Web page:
We owe thanks to Peter Tiboris, who awakens us from our natural hebetude with his reminder that we owe much to Charlie Leonhard and that Charlie's legacy should be associated with the further improvement of music education. It is not easy to conjure strategies to perpetuate that legacy; tossing unrestricted money into the antaean University of Illinois (UI) would not portray the uniqueness that was Charlie. Graduate fellowships would require that students have very special qualities-I thought maybe that candidates should, like Charlie, have no middle name. In a sense Charlie did have a middle name, as the U.S. Army required that he have one. During his stint in World War II he was Charles Nmi Leonhard: the "Nmi" oxymoronically standing for "no middle initial." Focused publications, journals, monographs, and the like in his honor have permanency and can be visible internationally. However, I did not come to Urbana to solve this puzzle, but rather to peek into music education's future to see if some of Leonhard's spirit can become pervasive. I will compare my guess at the future he might want or predict, based on an analysis of his speeches given over a period of more than thirty years, with a few insights of my own. There are at least two ways to think about the future. What is most likely to happen and what we would like to happen.
First a bit of context: My theme tonight is that Charlie cared and cared deeply. Nell Noddings, Debbie Meier, Carol Gilligan, and a host of other caring education philosophers could learn from watching Charlie on a daily basis. (1) He cared about each student in the doctoral program. You might have thought him a bit forward when he got up, closed the door, and probed into your personal and professional life, but he used this information to better understand one's academic progress and one's potential in the profession. I'm sure every alumnus can relate. In my own case, Charlie and his wife, Pat, traveled to LeMars, Iowa, to "give away" the bride, Ruth, at our wedding-leaving their children, Chase and Alissia, with a babysitter for the first time in their young lives. This caring was not limited to current graduate students. During our tenure at UI, he and I met several times a year to review known position vacancies and match them with past, present, and future graduates.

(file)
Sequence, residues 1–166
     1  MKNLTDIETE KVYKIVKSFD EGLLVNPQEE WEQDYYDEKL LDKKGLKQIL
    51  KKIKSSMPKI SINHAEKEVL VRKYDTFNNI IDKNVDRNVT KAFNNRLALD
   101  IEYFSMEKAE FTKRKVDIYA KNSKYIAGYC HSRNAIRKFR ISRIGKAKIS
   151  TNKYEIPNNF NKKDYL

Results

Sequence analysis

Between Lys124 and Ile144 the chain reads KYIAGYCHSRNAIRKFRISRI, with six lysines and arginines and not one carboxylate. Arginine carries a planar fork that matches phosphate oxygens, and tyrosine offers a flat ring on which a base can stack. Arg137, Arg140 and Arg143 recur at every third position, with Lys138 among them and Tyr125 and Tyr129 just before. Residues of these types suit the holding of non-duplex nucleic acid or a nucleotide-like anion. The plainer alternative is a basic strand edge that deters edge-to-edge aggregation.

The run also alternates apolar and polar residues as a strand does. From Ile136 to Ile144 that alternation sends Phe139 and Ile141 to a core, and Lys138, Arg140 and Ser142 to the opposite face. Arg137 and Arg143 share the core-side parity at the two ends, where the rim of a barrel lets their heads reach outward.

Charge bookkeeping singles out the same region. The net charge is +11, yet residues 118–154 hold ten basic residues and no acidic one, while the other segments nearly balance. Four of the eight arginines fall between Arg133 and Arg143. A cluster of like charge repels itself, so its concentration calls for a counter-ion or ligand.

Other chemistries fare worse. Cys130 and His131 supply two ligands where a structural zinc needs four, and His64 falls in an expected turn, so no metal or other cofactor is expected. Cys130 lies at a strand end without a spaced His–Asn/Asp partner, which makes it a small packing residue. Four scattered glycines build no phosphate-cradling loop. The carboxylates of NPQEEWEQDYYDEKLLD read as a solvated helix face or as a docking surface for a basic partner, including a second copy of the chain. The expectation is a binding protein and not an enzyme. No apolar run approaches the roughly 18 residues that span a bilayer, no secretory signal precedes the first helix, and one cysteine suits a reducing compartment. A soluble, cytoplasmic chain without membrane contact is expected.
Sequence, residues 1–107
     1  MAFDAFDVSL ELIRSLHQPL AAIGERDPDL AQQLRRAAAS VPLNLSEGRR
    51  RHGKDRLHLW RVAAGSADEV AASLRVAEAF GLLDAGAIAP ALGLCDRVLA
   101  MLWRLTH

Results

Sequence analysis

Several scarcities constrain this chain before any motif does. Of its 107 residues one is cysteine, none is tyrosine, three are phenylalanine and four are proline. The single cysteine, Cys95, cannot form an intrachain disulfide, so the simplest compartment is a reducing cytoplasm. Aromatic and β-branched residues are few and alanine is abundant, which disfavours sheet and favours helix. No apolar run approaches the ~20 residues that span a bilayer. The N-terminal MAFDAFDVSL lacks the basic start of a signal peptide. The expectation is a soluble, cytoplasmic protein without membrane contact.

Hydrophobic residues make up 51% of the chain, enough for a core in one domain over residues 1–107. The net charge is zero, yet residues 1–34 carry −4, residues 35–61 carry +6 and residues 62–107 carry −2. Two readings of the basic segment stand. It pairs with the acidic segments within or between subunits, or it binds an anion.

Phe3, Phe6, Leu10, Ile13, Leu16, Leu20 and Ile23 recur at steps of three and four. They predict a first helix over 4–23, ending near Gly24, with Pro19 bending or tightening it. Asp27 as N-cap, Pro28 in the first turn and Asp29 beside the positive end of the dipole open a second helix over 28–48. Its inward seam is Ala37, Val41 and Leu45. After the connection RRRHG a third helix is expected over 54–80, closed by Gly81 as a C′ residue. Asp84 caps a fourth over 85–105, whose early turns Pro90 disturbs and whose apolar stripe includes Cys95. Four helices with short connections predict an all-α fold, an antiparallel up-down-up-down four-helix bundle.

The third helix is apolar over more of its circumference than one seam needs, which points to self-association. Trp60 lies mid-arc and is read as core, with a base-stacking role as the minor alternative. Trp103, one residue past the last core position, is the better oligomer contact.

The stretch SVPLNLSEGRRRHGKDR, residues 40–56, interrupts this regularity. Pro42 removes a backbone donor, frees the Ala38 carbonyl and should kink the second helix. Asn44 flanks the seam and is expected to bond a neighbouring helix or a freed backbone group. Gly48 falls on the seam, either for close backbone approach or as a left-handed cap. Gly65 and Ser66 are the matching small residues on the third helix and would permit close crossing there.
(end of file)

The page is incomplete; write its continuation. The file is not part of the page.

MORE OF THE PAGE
Equally important was that Charlie also cared about music education and often devoted his considerable talent and energy to prodding the profession to act positively. Caring about students is one thing; caring about the profession is special. Charlie, like many of us, found himself in music education as a result of hitting the default button. One question that Charlie must have put to me (modestly) thousands of times over our more than forty-year association was, "Dick, how in the hell did you and I end up in music education when we have the smarts to excel in so many fields?" He hid this feeling from his students, however, as his caring for the music education profession meant he thought it worthwhile, and he was determined to make it the best it could be-a profession staffed with bright musicians enthusiastic about pedagogy.
Because of this concern for the profession, Charlie followed closely the careers of those graduates in positions of influence. Peter Tiboris is certainly one. Early graduates of influence included Frank Crockett, supervisor of music for the state of Georgia, and Bill Worrell, supervisor of music in Cincinnati. Joe Prince rose through the ranks at Murray State and eventually landed in the federal bureaucracy of the National Endowment for the Arts. Indeed, each of you has been influential. Charlie and Harold Decker, director of choral activities at Illinois, attracted very special students.
This one example, I hope, is sufficient for me to focus on professional concerns based on Leonhard's personality, talent, and achievement. Those outside our fraternity have difficulty understanding C. …